In brief, we evaluated obesity as a function of macrogeographic independent variables (elevation, mean annual temperature and urbanization) after adjusting for known demographic and lifestyle predictors. For this analysis, education was dichotomized at the college degree level (<college degree, college degree), annual income was trichotomized at <$20 000 and $75 000 levels and self-reported race/ethnicity was re-categorized as white, black, Hispanic, Asian, other and missing. Degree of urbanization was categorized using modified Beale codes (BC) as follows: counties with ≥1 million residents (BC=1); 250 000 to 1 million (BC=2); those in metro areas, but with <250 000 (BC=3); and those in nonmetro or rural areas (BC=4–9).28 Obesity was defined as BMI 30 kg m−2 and was classified as missing for pregnant women and for those with a BMI value 99.99 or 12.00 kg m−2. In order to account for the sampling strategy employed by CDC, the final weighting variable (_LLCPWT) was used as an inverse probability weight. Complex survey design can reduce precision due to stratification, but analysis of this data set demonstrated that the effect was negligible for our study.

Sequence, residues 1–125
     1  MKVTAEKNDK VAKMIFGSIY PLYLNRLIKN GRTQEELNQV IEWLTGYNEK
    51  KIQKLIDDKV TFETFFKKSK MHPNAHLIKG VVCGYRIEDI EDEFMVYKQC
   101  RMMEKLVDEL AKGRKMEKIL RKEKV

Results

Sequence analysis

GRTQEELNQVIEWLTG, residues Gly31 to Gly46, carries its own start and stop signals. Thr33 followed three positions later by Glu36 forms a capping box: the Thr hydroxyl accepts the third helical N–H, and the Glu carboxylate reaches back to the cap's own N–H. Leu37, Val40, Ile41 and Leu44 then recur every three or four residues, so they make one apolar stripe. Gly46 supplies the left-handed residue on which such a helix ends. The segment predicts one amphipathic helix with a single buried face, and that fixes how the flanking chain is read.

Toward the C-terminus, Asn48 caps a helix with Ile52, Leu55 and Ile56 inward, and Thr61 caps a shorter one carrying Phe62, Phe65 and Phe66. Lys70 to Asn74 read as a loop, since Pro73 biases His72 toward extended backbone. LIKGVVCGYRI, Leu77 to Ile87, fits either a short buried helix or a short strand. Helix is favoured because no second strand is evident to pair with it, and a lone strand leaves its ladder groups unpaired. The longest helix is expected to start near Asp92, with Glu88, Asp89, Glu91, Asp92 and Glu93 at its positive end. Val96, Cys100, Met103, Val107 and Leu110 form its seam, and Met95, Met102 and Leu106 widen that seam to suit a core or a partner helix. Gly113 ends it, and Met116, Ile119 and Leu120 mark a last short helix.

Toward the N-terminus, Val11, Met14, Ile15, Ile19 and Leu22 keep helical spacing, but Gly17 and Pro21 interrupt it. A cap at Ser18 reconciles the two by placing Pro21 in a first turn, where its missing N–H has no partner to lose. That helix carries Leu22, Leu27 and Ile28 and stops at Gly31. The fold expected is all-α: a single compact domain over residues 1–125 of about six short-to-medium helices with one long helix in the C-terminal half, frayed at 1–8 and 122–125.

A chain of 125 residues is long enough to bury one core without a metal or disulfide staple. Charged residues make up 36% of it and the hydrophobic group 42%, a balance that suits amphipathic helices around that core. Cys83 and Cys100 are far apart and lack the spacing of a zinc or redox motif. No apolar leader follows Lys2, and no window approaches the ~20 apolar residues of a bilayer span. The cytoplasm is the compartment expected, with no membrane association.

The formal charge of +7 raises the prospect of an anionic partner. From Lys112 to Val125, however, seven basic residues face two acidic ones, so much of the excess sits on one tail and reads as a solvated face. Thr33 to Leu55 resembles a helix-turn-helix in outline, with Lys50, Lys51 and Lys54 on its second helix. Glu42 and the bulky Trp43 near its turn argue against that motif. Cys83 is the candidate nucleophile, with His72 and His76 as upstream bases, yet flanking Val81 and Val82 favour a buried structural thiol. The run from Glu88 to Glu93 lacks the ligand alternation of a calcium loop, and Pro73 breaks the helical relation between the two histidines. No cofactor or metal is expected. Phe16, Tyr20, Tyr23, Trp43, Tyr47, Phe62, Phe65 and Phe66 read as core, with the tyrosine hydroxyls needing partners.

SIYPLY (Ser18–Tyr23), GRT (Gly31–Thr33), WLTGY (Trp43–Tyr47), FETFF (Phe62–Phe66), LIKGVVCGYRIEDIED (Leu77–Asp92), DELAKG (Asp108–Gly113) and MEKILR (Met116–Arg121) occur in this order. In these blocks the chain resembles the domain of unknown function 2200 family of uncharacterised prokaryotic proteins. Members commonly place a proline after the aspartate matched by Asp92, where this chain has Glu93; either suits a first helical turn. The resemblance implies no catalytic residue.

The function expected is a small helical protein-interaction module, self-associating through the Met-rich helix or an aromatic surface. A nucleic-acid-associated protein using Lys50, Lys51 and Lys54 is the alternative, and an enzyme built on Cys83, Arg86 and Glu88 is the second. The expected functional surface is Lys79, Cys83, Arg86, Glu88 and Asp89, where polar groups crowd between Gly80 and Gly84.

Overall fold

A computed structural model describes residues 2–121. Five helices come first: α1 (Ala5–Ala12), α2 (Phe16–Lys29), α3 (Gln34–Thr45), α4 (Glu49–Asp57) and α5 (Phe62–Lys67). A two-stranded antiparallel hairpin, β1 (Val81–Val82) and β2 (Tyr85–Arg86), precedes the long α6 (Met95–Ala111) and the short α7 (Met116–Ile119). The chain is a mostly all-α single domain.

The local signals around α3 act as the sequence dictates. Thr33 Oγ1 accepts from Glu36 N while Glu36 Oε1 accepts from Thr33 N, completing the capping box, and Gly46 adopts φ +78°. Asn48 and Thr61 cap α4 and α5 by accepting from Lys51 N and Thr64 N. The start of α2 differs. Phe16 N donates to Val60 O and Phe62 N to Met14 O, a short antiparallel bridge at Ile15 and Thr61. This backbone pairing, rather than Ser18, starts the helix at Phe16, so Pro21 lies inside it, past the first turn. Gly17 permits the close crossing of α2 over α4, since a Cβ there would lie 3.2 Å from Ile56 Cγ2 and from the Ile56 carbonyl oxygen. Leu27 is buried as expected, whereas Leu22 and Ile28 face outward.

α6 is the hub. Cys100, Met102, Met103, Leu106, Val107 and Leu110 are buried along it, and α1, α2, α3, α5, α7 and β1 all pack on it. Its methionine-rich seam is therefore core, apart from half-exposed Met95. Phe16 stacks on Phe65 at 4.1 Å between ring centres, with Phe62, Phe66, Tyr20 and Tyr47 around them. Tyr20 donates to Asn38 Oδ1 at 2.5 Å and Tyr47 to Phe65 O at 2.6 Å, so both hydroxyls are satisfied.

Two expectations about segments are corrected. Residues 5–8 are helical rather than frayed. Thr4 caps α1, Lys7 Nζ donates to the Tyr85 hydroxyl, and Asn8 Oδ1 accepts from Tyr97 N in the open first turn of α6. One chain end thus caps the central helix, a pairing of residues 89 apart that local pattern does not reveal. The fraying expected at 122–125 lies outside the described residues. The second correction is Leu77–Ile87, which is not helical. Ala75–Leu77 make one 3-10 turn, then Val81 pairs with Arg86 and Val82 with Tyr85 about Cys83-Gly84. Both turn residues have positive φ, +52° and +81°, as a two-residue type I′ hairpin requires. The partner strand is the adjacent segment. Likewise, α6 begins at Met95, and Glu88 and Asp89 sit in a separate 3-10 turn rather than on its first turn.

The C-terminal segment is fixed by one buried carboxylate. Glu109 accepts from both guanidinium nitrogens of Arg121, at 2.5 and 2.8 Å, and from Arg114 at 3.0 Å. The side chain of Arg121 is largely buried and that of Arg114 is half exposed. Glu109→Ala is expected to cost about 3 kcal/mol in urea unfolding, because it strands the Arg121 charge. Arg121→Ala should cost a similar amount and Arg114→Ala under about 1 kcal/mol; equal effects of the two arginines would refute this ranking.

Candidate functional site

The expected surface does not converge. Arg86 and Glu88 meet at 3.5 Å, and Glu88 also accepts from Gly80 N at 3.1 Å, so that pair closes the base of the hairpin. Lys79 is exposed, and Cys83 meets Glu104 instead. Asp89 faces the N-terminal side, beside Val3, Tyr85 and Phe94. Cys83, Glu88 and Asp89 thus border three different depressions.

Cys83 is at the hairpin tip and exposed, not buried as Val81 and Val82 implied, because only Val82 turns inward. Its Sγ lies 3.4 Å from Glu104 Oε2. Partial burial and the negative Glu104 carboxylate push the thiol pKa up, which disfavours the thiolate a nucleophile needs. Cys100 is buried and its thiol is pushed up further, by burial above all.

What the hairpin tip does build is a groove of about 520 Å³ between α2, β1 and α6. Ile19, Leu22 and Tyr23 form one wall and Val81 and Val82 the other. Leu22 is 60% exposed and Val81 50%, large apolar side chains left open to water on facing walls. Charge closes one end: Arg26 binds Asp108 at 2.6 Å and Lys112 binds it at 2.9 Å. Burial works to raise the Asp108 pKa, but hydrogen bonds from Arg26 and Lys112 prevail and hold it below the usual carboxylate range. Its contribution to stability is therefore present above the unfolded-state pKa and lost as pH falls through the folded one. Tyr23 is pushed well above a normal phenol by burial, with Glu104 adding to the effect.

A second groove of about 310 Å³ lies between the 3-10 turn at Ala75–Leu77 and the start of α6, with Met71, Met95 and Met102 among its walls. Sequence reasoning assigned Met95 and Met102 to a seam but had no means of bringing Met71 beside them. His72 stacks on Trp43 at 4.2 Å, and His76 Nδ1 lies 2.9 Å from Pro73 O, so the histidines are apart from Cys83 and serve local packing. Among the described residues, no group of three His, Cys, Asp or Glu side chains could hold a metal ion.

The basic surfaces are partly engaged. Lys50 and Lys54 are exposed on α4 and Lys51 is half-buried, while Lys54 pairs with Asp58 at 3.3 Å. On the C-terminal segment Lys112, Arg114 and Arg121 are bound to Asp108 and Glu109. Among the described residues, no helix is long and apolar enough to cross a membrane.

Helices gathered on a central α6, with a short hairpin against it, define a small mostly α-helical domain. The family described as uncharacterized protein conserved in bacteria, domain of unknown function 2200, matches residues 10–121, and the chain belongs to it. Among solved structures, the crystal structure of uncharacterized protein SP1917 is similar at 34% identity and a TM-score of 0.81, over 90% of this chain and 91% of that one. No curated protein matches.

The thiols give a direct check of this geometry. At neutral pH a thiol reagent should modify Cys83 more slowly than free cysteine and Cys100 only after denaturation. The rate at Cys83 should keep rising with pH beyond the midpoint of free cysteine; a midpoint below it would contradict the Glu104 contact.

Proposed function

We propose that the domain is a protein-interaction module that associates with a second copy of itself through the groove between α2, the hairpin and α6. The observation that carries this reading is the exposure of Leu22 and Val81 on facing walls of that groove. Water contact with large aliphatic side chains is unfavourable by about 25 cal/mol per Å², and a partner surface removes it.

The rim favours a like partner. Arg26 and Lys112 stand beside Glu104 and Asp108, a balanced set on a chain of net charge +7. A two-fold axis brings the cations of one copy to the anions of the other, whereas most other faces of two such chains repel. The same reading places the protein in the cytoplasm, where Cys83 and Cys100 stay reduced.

Elevation above sea level, mean annual temperature (degrees centigrade) and urbanization for subjects were based on county of residence reported in the 2011 survey. Mean elevation and annual temperature for 3134 administrative areas (counties) in the United States were obtained through publicly available data sets. Elevation and temperature data were obtained from WorldClim (www.worldclim.org) and were processed using ArcGIS version 10.0 (ESRI, Redlands, CA, USA). WorldClim provides weather data that are interpolated from average monthly weather station data to 1 km resolution grids using well-described methodology.29 WorldClim elevation data are resampled to 1 km resolution from the Shuttle Radar Topography Mission altitude data. County administrative boundaries were downloaded from the Global Administrative Areas website (www.gadm.org). The ArcGIS program, Zonal Statistics as Table, was used to calculate mean annual temperature and mean elevation by county (Supplementary Figure 1). The merged ArcGIS outputs combined via Microsoft Access and Excel with the federal information processing standards (FIPS) codes and county typology codes (such as urbanization) obtained from US Department of Agriculture (USDA) Economic Research Service were matched using state and county name.28 The combined data set was then merged by state and county FIPS codes with the 2011 BRFSS data. All subsequent analyses were performed using SAS version 9.3 (SAS Institute Inc., Cary, NC, USA) and STATA version 12.0 (StataCorp, College Station, TX, USA). The CDC used a modified sampling strategy to include cell phones where the place of residence for each cell phone observation was based on self-report rather than location of telephone service, as 5090 individuals reported living in a different state. For 31 of these (<1%), the recorded county FIPS code did not exist within the reported state of residence; these 31 observations were excluded.